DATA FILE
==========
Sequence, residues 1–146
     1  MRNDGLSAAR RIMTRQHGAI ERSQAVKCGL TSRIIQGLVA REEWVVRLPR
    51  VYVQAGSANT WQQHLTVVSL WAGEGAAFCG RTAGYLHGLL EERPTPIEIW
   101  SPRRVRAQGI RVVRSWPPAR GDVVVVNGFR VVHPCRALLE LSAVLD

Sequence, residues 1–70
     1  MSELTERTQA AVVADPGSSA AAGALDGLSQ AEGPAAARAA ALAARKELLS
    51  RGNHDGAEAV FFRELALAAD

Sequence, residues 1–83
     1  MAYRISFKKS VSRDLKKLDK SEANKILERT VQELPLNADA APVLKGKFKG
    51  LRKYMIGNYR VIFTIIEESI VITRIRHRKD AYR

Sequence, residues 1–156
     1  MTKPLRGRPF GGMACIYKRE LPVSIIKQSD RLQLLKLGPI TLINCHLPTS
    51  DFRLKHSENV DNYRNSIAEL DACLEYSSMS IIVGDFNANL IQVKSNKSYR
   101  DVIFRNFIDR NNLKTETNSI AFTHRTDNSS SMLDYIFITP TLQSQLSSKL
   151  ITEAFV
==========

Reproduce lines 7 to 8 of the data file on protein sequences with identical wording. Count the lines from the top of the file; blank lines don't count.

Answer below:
    51  RGNHDGAEAV FFRELALAAD

Sequence, residues 1–83